Performing Arts: Dragon Training — A Primer

by Editorial

Dreamworks’ new show takes the Verizon Center by fire-breathing dragon.

By John Arundel

Red Death attack (Photo by Todd Kaplan)

Other than their low, low prices and seemingly never ending rows of camping equipment, sugary cereals and flat-panel TVs, there aren’t many enticements that would draw me in early to my neighborhood Walmart on any given Saturday.

Free dragon training, however, might be the rare exception.

So when the kind marketing folks at Dreamworks Animation sent Washington Life a Very Important Media Advisory last week about the appearance of life-like dragons in Aisle 12 of Walmart Store #7653 on Richmond Highway, I was there.

With breathless anticipation, my two minis dragged me from bed at some ungodly hour last Saturday, furiously waiving said Media Advisory, claiming there was no possible way that any right-minded father/journalist would ignore such an Important Media Advisory/Press Event happening that morning at the Walmart up the street.

And sure enough, there it was, its oversized head protruding over the camping equipment and jumbo Frito bags, “Deadly Nadder,” from “How to Train Your Dragon Spectacular,” which opens for just eight performances beginning today, July 19, at the Verizon Center.

My kids giggled with delight. The faux fear only occurred twice.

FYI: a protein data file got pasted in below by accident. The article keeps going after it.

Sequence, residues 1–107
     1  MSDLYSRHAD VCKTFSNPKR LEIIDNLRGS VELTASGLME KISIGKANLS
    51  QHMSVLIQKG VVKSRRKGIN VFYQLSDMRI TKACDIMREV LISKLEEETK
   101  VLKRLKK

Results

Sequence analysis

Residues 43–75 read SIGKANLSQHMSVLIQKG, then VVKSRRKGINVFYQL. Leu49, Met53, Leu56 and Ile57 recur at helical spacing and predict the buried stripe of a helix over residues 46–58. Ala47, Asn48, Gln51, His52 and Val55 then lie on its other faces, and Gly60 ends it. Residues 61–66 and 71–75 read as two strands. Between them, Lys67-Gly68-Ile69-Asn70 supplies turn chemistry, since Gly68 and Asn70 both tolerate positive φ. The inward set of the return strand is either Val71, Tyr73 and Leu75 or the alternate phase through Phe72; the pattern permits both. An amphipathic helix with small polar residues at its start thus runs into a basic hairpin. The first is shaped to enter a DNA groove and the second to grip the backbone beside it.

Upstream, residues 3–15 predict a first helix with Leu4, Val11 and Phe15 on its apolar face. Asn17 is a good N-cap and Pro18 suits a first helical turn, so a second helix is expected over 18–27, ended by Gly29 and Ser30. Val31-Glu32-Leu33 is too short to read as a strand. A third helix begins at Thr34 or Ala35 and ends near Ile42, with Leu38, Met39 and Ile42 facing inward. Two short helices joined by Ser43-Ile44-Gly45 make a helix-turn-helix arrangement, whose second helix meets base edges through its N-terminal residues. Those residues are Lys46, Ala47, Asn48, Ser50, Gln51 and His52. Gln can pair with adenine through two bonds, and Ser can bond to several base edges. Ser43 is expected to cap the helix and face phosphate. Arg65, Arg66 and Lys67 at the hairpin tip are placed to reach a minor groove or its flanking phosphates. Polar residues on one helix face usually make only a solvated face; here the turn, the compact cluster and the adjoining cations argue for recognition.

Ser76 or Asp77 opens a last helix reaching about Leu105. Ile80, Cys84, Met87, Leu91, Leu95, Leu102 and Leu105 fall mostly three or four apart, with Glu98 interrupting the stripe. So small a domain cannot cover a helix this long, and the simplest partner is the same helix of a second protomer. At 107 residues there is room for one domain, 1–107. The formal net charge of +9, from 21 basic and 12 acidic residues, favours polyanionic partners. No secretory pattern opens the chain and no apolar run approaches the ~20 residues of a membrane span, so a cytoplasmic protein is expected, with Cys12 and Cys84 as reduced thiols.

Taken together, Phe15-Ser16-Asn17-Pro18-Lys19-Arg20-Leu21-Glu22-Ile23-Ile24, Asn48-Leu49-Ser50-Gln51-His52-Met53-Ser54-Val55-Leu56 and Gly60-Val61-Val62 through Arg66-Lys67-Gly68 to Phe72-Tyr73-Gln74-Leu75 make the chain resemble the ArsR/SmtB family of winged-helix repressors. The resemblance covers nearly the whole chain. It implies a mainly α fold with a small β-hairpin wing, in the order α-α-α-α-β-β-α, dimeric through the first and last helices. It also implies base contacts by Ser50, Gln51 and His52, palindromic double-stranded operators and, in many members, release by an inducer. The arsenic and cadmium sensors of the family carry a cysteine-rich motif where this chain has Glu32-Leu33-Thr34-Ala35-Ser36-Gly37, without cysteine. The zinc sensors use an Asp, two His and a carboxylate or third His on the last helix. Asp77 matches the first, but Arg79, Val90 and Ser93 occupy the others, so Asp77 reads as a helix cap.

"Gronckle" and "Deadly Nadder" with Dreamworks' Jeffrey Katzenberg (Photo courtesy Dreamworks Animation)

Measuring 39 feet long, with a wingspan of 30 feet and a height at shoulder that tops two Wizards players, Deadly Nadder was everything fearsome he was cracked up to be.

A monstrous nightmare for the mortal Soccer Mom perusing the produce two aisles over, Nadder huffed, puffed and shot smoke to set fire to the skilled dragon slayer Dreamworks Animation flew in from Burbank to contain the beast.

OK I made that part up, but you get the picture.

Deadly Nadder is one of the five largest dragons Dreamworks is trucking in on 52 semis to the Verizon Center this weekend for its full-on dragon extravaganza. All told, 23 dragons representing 12 different species with such fearsome names as “Gronckle,” “Red Death” and “Night Fury” — a toothless wonder measuring 33 feet across — complete the inventory of prehistoric beastoids calling the Nation’s Capital home until July 22 when the show ends.

The dragons are a sight to behold. And build.

Nightmare attack during dragon Olympics (Photo by Todd Kaplan)

Each contains 885 feet of hydraulic hose and 1,000 square feet of dragon skin, taking 430 cubic feet of foam, 20 gallons of paint and half a mile of cabling in each body. It takes a full 24 microprocessors to control movement along with 15 hydraulic rams and six hydraulic motors to make these suckers move. To build each one from scratch requires more parts than a Jersey junkyard: 500 bearings, 3,000 nuts and bolts, 7,000 square feet of bungee cord (yes, bungee cord), and over 10,000 square feet of steel.

And it takes a team larger than a Midwestern family to operate each dragon. Weighing in at 2.6 tons, about the size of a standard family car, it takes three people or more to operate each dragon.

One driver controls the dragon’s direction and speed, while one lead puppeteer (a job description which sounds, well, so friendly) controls all the body and head movements. An auxiliary puppeteer controls wings, mouth and vocalizations.